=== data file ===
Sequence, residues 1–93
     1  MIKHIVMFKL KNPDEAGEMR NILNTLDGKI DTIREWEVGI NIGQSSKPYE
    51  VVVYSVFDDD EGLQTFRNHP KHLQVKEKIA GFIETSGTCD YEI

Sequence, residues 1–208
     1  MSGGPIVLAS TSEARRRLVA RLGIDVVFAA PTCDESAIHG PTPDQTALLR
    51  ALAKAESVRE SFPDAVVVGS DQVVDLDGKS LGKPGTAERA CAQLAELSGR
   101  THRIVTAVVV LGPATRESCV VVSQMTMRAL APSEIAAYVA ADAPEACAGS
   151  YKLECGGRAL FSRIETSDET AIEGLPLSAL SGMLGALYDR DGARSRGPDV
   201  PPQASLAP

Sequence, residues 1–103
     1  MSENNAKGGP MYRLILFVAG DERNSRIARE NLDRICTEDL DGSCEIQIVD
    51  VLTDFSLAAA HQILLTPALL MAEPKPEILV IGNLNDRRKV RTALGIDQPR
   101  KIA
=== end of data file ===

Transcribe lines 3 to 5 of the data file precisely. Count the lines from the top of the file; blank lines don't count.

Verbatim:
    51  VVVYSVFDDD EGLQTFRNHP KHLQVKEKIA GFIETSGTCD YEI

Sequence, residues 1–208
     1  MSGGPIVLAS TSEARRRLVA RLGIDVVFAA PTCDESAIHG PTPDQTALLR